Abrar Mechmechia knows first-hand the trauma of war and the impact it can have on mental health.
She was based in Aleppo when the Syrian civil war erupted in 2011, working as a youth mental health counsellor.
Now, she works in Hamilton, counselling primarily newcomer youth and others from marginalized populations. What she’s heard from clients during the pandemic, she said, parallels some of the trauma symptoms she’d treated earlier in her career.
“Many are expressing going through depressing moods, being frustrated, not knowing what’s coming next,” Mechmechia said. Others are having sleeping problems and anxiety over their future — symptoms that are compounding their already-existing trauma.
This exacerbated mental health toll is not only affecting newcomers, Mechmechia and others said, but also Indigenous youth and other marginalized young people who already made strides to heal from previous trauma. COVID-19, experts said, has retraumatized these youth, with the potential for dire consequences if their mental health care needs are not met.
It is why Mechmechia is leading a group of 20 advocates across Canada through the In This Together Campaign, who are calling on the federal and provincial governments to implement a post-pandemic mental health recovery plan for Canada’s youth, with a focus on marginalized populations including BIPOC youth, youth in care and LGBTQ+ youth.
“We know that ‘building back better’ is important, but this statement should not be reduced to only the country’s economic recovery — mental health matters, too,” said campaign leaders in an open letter released Monday to Prime Minister Justin Trudeau and Canada’s premiers.
The group has had a preliminary meeting with the Public Health Agency of Canada, said Anna Maddison, a spokesperson for the federal agency. Maddison added there are plans to engage youth and other stakeholders as they build Canada’s pandemic recovery plan.
Mechmechia said the campaign would like to see the government put more emphasis on mental health in its post-pandemic rebuilding strategy through drafting a mental health recovery plan in consultation with Canadian youth.
She added she hopes this plan will emphasize increasing access to mental health practitioners, especially those who can intervene early, and will bolster culturally relevant services that can build trust with struggling youth and help them in their own communities.
Jenna Robar, a Mi’kmaq community ambassador for the In This Together Campaign based in Nova Scotia, said COVID-19 has been particularly difficult for Indigenous youth who relied on cultural practices and group events for healing.
Under COVID-19 restrictions, Robar said many ceremonial events and sacred practices can’t be held, retraumatized youth whose family struggled for generations when these practices were outlawed in Canada.
“Some of those deeply embedded traumas are coming up again,” Robar said.
Youth who have been through the child welfare system have also been especially hit by COVID-19, said Irwin Elman, former Child and Youth Advocate for the Province of Ontario and campaign adviser for In This Together.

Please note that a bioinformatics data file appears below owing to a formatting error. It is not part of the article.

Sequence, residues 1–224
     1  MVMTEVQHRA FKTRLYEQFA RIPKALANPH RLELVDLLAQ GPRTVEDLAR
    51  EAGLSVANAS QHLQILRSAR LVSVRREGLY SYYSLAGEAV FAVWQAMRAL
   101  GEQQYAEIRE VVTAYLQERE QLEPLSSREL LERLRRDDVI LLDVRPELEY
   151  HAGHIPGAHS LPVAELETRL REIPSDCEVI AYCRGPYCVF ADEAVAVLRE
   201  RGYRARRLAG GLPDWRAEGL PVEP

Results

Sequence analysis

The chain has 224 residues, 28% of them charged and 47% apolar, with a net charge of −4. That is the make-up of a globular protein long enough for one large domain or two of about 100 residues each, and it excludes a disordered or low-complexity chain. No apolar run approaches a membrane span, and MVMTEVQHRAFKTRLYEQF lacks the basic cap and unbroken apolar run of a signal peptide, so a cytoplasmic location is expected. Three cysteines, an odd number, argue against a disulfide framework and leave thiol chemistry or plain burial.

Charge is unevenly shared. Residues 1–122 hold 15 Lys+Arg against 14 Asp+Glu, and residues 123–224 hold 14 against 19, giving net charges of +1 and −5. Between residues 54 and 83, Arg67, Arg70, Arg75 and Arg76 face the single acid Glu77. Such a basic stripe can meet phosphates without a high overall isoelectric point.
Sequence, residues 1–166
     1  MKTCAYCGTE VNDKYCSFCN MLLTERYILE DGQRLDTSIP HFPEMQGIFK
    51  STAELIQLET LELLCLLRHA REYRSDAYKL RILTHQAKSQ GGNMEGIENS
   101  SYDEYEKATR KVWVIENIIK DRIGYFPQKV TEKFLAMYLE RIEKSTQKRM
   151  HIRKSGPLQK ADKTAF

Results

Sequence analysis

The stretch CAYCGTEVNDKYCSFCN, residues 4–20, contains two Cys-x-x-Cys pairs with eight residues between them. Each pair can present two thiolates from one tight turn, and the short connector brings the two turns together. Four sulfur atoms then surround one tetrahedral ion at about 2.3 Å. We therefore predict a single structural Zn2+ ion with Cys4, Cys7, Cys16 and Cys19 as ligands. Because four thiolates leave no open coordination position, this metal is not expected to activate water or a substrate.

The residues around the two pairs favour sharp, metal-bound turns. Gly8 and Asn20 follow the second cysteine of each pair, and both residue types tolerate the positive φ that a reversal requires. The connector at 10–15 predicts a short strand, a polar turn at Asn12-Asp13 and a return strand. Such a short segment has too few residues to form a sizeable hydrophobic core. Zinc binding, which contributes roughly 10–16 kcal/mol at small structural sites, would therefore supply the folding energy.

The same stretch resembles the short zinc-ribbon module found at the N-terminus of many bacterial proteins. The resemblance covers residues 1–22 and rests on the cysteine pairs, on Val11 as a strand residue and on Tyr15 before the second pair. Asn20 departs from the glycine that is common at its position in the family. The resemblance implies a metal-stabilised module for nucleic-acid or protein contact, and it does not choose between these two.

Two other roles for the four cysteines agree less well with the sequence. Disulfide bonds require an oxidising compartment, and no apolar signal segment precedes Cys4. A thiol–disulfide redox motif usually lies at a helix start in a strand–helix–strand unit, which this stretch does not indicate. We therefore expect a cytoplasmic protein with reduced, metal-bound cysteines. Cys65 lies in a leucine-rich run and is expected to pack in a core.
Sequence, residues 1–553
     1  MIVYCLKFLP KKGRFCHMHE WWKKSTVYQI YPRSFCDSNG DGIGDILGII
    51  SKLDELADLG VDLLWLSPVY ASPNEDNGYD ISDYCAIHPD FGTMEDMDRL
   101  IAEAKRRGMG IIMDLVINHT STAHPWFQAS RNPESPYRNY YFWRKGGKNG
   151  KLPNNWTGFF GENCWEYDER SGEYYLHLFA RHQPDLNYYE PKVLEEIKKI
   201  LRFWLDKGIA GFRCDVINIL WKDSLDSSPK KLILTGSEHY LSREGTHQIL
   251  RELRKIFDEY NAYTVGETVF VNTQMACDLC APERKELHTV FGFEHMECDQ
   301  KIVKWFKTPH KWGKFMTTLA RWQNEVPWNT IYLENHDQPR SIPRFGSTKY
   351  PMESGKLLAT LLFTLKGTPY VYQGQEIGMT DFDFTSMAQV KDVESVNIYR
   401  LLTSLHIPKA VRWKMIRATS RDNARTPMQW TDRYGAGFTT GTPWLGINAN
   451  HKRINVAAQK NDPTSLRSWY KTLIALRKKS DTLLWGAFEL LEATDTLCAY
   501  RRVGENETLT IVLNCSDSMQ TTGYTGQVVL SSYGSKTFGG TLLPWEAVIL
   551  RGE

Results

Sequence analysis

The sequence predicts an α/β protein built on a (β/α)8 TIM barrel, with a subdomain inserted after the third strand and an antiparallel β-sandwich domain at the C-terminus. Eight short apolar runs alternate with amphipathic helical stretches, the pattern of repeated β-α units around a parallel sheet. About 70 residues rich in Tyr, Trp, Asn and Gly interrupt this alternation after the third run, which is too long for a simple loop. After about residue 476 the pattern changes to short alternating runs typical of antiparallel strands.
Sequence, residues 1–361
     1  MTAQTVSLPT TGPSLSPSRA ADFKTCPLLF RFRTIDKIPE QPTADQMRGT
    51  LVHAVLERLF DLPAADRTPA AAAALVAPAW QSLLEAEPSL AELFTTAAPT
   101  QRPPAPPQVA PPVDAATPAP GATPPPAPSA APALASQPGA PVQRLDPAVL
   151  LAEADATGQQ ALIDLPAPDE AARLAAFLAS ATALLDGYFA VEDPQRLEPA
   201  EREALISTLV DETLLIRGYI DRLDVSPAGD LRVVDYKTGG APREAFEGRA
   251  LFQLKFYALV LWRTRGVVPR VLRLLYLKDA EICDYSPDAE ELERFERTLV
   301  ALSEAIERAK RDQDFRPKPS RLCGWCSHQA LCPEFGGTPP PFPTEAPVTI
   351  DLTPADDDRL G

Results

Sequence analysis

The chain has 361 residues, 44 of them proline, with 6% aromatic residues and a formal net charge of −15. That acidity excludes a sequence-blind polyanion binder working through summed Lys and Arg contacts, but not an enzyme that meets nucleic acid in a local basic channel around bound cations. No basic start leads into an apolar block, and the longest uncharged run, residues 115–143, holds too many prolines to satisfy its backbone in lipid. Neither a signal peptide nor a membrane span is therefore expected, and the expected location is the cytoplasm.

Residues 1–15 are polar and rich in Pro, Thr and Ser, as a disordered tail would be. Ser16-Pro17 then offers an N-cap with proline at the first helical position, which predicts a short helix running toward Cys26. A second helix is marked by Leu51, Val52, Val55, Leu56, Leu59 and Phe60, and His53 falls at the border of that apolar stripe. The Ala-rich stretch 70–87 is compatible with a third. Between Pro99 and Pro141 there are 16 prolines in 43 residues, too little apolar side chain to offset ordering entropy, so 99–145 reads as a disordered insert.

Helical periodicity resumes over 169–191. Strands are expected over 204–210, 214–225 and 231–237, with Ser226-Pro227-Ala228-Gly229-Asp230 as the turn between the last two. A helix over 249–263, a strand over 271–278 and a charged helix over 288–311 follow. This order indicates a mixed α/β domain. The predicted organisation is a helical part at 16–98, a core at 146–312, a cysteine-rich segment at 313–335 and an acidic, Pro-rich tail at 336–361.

Elman, who has worked with youth leaving the child welfare system for the bulk of his career, said some have lost their income due to the pandemic and have been evicted from their homes as a result — a traumatizing blow for those who have worked hard to build a safety net and who otherwise have limited means of support.
“These young people, whether they’re LGBTQ2S young people, youth from care, racialized young people, newcomers and refugees, live precarious lives already,” Elman said.
“When the pandemic hits, it just creates trauma after trauma.”
Canada and Ontario have announced some funding for mental health during the pandemic, including launching virtual mental health initiatives like Wellness Together Canada and BounceBack, and allocating funding for more psychologists and social workers in school.
“The Government of Canada recognizes that COVID-19 continues to create stress and anxiety for many Canadians, particularly those who do not have ready access to their regular support networks,” Maddison with Public Health Canada said.
But Elman said these responses are “quick wins” that don’t address the systemic and complex issues marginalized youth have been facing over the course of the pandemic.
“They tend to be institutional solutions to human problems,” Elman said of the government’s mental health response so far.
“Governments need to roll up their sleeves and find a way to reach into the communities through grassroots organizations and create supports through them, so that those most marginalized have services right beside them,” he said.
The cost of inaction, Elman said, will be felt economically and socially if youth continue to struggle with no access to mental health care well into their adulthoods.
Mechmechia said she’s seen first-hand the toll a crisis can have on young people, and she hopes Canadian youth will have the support they need to overcome it.
“I don’t want Canadians to go through what I went through back in Syria, because we were not prepared, we didn’t have enough support and there was no plan in place before the crisis and after the crisis,” Mechmechia said.
“You can’t be productive if you can’t overcome your own trauma, and no one wants to carry their trauma forever.”